I was reading through the J.P. Morgan (JPM) 2014 Annual Report and Jamie Dimon’s letter to shareholders was rather interesting. I ended up highlighting a bunch of things and wrote a bunch of notes along the columns. JPM has seen solid tangible book value and diluted earnings per share growth over the past 10 years but haven’t seen much movement in the stock price – Dimon thinks he knows why. An interesting fact was how JPM went through the 2008 financial crisis – the answer may shock you. I warn you right now though, this is a long and arduous post – more for my own interest than you, the reader. If you don’t have the slightest interest in reading snippets from the JPM annual report, I suggest you read no further as it will probably just bore you to tears. With that said: here are some random musings from the JPM 2014 Annual Report.
You can read the full annual report here.The letter starts with a little introduction and sampling of the bank’s performance.
Seven years ago, the world was shaken by the global financial crisis… We have endured an unprecedented economic, political and social storm — the impact of which will continue to be felt for years and possibly decades to come. What is most striking to me, in spite of all the turmoil, is that our company became safer and stronger.
In 2014, J.P. Morgan recorded $21.8 billion in net income on revenue of $97.9 billion. That’s a 22.3% net profit margin.
The following 2 graphs on diluted earnings per share growth and tangible book value per share interesting:
The 10 year compound annual growth rate for diluted earnings per share was 13.3% – tangible book value saw 11.3% growth. That’s with one of the worst recessions since the Great Depression thrown in there – an economic crisis that centred around the financial sector. I was blown away by this.
I think there must be some sort of bias affecting people’s thinking on the financial sector. Something along the lines of “since 2008 was a financial crisis where lots of big banks went bankrupt or received big government bailouts, the sector as a whole must be rotten and risky.” I must admit I was subliminally affected by this sort of first level thinking bias.
I. Outstanding Franchise
Since 2000, compared to the S&P 500, tangible book value growth has outpaced the index by 7.4%. Total stock return has outpaced the index by 2.2%.
While growth in tangible book value and diluted earnings per share have outpaced the S&P 500 since 2000, the stock price hasn’t really reflected this performance:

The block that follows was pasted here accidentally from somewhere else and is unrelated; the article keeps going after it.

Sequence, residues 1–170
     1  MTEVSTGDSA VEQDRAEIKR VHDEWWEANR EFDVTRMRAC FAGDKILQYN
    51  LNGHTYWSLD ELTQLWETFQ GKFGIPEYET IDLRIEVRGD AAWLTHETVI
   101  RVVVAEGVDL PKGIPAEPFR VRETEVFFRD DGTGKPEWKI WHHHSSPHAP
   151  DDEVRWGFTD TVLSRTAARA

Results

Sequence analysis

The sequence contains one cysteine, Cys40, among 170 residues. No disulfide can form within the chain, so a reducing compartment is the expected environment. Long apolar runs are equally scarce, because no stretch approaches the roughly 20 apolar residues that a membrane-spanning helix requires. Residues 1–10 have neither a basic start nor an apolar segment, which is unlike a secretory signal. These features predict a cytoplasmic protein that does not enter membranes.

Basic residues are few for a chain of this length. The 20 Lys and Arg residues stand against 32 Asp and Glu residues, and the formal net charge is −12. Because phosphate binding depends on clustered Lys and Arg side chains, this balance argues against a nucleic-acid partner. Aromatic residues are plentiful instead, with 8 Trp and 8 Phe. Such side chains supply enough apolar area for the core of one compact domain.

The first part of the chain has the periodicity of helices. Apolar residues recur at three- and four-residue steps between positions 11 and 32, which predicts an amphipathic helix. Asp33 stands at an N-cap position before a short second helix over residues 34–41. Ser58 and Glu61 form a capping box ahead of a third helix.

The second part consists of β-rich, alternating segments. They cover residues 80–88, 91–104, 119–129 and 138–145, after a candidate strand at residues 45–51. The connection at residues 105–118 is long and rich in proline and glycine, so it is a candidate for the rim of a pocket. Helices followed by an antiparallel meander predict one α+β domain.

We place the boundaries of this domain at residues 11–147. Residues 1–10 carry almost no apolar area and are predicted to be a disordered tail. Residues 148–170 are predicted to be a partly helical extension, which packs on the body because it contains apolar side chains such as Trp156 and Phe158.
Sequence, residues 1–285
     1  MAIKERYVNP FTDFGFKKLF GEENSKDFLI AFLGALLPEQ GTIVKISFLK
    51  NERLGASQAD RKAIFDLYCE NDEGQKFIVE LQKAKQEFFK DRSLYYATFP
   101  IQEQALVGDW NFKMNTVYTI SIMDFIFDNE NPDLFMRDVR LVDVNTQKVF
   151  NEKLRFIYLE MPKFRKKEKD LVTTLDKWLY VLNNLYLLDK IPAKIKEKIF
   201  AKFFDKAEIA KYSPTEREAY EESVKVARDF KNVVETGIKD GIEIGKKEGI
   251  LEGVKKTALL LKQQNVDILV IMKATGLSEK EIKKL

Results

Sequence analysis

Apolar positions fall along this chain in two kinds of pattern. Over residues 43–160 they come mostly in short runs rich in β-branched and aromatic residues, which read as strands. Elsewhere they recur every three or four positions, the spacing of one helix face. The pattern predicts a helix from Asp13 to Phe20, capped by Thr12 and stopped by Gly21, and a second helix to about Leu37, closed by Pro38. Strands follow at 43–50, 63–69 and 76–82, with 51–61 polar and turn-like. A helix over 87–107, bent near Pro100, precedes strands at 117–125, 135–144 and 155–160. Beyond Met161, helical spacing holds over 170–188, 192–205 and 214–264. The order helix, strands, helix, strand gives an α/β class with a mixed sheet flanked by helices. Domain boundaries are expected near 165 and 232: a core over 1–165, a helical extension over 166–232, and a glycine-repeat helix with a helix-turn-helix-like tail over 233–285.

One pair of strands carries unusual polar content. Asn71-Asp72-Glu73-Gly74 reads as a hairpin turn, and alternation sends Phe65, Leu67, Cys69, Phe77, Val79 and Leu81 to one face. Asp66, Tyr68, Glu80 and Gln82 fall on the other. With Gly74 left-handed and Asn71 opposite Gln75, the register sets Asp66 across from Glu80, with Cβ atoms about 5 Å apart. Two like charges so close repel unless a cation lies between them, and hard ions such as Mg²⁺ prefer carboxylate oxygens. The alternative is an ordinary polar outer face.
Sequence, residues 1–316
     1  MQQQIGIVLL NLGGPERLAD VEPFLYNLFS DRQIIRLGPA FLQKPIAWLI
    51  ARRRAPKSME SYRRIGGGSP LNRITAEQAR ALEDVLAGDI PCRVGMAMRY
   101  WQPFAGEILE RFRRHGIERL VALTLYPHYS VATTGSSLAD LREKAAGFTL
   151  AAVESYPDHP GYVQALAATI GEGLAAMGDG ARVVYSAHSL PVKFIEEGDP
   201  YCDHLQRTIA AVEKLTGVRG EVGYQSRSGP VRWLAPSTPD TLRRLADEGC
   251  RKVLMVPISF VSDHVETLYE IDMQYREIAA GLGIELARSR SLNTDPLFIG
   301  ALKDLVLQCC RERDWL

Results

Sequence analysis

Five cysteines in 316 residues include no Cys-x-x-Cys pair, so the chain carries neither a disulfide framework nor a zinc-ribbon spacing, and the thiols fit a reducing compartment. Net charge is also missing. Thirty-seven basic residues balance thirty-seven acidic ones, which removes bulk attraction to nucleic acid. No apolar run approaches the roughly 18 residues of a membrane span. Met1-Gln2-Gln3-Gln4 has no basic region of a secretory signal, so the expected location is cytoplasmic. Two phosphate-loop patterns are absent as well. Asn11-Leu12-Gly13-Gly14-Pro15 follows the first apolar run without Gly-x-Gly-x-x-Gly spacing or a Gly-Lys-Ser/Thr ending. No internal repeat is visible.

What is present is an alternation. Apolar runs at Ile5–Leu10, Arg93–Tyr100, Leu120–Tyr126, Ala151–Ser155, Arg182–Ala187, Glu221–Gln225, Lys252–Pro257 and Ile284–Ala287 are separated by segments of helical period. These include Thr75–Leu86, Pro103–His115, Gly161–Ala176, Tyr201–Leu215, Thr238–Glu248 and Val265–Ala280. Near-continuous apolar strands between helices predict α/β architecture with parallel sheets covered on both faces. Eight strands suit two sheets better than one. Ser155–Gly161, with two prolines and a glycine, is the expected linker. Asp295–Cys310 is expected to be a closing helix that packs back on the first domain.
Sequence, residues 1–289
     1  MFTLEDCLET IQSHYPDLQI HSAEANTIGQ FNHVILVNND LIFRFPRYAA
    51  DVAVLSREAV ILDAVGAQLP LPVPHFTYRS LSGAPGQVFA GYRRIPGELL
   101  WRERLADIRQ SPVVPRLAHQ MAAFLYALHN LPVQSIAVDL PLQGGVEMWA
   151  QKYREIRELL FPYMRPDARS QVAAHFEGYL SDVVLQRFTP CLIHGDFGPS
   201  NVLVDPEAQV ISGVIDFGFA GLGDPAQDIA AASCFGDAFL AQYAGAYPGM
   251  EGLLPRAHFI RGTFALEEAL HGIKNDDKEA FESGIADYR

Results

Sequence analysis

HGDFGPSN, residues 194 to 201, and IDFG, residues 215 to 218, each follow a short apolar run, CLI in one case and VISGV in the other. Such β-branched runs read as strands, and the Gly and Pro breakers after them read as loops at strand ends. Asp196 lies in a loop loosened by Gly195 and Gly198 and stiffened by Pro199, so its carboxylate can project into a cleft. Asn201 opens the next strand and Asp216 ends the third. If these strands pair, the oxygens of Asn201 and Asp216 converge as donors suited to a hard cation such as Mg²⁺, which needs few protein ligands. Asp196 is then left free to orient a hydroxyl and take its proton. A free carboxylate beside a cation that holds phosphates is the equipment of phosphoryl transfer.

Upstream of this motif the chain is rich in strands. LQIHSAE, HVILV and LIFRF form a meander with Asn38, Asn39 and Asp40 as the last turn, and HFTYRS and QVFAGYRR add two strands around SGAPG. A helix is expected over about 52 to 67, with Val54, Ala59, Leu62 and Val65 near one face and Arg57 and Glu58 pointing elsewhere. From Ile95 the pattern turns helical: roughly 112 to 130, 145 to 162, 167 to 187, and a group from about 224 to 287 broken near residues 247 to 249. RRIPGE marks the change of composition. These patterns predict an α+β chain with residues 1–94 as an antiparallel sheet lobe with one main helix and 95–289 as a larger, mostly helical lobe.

However, our stock performance has not been particularly good in the last five years. While the business franchise has become stronger, I believe that legal and regulatory costs and future uncertainty regarding legal and regulatory costs have hurt our company and the value of our stock and have led to a price/earnings ratio lower than some of our competitors. We are determined to limit (we can never completely eliminate them) our legal costs over time, and as we do, we expect that the strength and quality of the underlying business will shine through.
Not only does Dimon believe JPM is safer and stronger than ever, he believes that the bank is one of the biggest winners in the evolution of the financial sector:
If you think back 10, 20 or 30 years ago, my predecessors and I struggled to try to build a great company, which we hoped would emerge as an endgame winner. The ultimate outcome was unclear – and many competitors did not survive (this is true for most large- scale consolidating industries). Even for those of us that did, it was quite a struggle. Today, it is clear that our company is an endgame winner – both in the United States and glob- ally – which is invaluable in any industry. And while we have had some difficult times since the financial crisis, the power of the franchise has shone through. We also know that future success is not guaranteed – only consistently good management over a long period of time can ensure long-term success in any business. But we certainly are in a very good place.
Dimon goes on to highlight JPM’s margins and returns vs the best-in-class peers in the industry.
Not only has JPM shown strong growth since 2000, they are right up there with their best in class peers.
A good company should be able to earn competitive margins over an extended period of time regardless of economic conditions while investing and without taking excessive risk. Any company can improve earnings in the short run by taking on additional risk or cutting back on investments. Any company can grow rapidly if it takes on too much risk – but that usually is the kind of growth one comes to regret. Our margins have been quite good, even as we have been investing for the long run. These investment expenses lower our short-term returns, but they are “good” expenses.
JPM certainly has performed regardless of economic conditions.